NFL Owners May Change Rule on Standing for Anthem, Player Approval Not Required
As NFL viewership ratings tumbled to a season-low on Monday, The Wall Street Journal reported that next week team owners plan to discuss the policy on standing for the national anthem.
Fewer Americans watched the “Monday Night Football” game between the Kansas City Chiefs and the Washington Redskins on Oct. 9 than any other regular-season NFL game this year, Deadline reported.
The league, the owners, and ESPN have plenty to be concerned about as NFL ratings have declined steadily since last year. In 2016, owners blamed one of the most watched presidential campaigns, but viewership didn’t pick up this year and the league image took a hard hit after a wave of national anthem protests.
Now a league spokesman says that owners are set to meet next week and the policy on standing for the national anthem is “front and center” on their agenda. The owners will consider the players’ input, but a rule change would not require player approval, The Wall Street Journal’s Matthew Futterman reported.
“I don’t believe that the anthem per se is something that needs to be collectively bargained,” NFL spokesman Joe Lockhart said.
The news of a rule change for the national anthem ceremony comes after weeks of criticism from President Donald Trump, who triggered a wave of protests by NFL players by saying that those who don’t stand for the national anthem should be fired.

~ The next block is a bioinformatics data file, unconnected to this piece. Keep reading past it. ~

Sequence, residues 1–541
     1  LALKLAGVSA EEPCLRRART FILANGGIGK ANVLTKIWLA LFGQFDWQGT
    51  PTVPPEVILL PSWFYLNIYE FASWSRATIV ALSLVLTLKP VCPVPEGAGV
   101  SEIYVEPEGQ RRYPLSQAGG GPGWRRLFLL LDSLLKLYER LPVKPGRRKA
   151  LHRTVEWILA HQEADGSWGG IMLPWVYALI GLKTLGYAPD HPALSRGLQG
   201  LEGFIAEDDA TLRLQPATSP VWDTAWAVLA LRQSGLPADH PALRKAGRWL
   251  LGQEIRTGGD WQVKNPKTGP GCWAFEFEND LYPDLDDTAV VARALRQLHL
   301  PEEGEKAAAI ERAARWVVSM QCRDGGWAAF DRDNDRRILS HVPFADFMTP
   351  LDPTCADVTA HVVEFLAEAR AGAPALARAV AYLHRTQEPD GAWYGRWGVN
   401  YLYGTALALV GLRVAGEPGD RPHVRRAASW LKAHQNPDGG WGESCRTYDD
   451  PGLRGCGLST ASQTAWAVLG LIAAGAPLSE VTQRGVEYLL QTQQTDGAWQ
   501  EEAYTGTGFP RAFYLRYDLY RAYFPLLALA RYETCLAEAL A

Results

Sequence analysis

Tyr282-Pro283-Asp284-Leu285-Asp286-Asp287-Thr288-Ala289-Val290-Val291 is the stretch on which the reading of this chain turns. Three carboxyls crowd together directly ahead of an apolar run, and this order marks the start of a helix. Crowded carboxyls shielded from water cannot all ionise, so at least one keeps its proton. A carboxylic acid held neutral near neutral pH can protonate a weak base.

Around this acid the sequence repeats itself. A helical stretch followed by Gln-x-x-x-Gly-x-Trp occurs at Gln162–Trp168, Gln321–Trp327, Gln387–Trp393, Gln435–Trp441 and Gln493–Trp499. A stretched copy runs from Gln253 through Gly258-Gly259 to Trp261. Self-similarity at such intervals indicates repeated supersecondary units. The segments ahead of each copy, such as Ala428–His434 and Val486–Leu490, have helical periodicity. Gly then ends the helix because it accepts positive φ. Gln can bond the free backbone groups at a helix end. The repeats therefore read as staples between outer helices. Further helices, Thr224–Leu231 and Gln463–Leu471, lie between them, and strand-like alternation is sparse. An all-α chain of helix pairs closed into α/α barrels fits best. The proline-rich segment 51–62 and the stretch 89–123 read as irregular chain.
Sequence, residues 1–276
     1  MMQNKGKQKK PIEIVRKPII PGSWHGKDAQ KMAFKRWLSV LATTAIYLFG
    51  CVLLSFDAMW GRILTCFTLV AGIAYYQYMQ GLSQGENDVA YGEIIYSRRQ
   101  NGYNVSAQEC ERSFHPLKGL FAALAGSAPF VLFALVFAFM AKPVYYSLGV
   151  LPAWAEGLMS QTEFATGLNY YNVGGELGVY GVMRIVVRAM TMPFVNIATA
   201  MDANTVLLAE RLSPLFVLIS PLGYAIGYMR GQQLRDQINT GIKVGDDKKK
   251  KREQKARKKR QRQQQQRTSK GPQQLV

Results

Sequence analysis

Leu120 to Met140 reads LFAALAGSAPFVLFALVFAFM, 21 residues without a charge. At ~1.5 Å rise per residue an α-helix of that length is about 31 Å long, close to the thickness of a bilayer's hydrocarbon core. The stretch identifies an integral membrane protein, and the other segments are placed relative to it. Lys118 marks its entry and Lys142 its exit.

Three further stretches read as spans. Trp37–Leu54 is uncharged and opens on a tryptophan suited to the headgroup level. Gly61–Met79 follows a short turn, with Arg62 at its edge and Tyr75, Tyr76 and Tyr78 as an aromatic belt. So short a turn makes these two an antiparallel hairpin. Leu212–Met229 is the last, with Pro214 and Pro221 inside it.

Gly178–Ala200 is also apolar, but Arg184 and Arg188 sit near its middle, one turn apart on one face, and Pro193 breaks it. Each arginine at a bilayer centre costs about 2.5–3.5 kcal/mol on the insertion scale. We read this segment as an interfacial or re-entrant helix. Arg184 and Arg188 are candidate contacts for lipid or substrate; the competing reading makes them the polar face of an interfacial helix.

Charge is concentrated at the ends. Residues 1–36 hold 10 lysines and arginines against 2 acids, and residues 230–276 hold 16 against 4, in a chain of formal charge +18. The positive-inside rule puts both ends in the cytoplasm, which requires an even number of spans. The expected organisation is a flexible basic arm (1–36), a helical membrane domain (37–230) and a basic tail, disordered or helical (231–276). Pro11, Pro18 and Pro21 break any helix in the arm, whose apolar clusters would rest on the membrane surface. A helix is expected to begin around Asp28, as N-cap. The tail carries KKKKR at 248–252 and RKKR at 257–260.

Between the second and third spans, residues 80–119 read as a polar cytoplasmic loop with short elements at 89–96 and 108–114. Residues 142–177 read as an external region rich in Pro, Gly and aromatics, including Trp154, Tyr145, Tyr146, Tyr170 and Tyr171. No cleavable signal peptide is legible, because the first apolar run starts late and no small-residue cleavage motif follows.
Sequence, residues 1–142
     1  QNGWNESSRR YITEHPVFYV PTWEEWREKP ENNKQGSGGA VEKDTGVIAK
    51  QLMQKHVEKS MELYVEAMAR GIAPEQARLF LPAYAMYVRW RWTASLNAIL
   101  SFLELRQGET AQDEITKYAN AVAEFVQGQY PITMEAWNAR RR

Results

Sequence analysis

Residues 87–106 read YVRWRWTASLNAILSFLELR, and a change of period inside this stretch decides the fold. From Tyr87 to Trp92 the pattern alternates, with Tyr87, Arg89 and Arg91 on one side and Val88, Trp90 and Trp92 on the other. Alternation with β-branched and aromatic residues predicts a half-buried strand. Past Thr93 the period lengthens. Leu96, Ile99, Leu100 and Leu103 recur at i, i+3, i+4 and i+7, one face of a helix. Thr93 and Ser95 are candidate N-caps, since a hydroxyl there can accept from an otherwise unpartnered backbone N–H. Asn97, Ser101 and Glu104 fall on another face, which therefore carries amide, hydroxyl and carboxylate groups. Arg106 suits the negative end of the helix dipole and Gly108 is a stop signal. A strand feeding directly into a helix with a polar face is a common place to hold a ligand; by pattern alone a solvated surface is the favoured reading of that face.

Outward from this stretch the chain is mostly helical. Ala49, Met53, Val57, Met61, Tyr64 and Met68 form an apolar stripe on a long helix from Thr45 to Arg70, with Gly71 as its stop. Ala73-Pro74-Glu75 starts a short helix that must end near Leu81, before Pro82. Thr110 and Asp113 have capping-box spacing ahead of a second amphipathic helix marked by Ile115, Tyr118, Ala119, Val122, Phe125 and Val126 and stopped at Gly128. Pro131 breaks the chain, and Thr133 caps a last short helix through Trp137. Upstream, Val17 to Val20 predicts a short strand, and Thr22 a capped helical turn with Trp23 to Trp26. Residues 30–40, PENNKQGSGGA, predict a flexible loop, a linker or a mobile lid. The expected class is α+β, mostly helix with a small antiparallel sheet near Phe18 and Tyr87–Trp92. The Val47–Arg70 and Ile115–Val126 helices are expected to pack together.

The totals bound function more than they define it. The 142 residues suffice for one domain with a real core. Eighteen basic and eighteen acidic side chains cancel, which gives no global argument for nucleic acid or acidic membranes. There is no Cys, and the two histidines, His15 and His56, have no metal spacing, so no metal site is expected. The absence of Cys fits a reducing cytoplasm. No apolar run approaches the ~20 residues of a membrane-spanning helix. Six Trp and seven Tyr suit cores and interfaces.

More than 180 players knelt during the performance of the “Star-Spangled Banner” on the Sunday after Trump’s comments, but the president did not back down.
The controversy, jump-started by Trump, does not fare well for the league’s image. Winston Poll found that the NFL became the least liked major league in America. In the strongest indication of the league’s disconnect from its audience, favorability ratings among its core fans, males aged 34-54, dropped 31 percent from late August to late September.
The NFL player manual states that players should stand for the anthem but does not say they must.
National Football League Players Association Executive Director DeMaurice Smith told The Wall Street Journal that league officials promised the association that there would be no punishment for protesting during the anthem.
News of the rule-change discussion also landed shortly after Trump threatened to hit the NFL in the wallet by going after its tax breaks.
“Why is the NFL getting massive tax breaks while at the same time disrespecting our Anthem, Flag and Country?” Trump wrote on Twitter.
Lockhart said that the NFL gave up its tax-exempt status in 2015. He added that many stadiums are built using tax-exempt bonds, but stressed that the arrangement spurs economic development.
President Trump and the White House did not provide clarity on the tax breaks question.
If a rule is approved, players who disrespect the national anthem may face fines.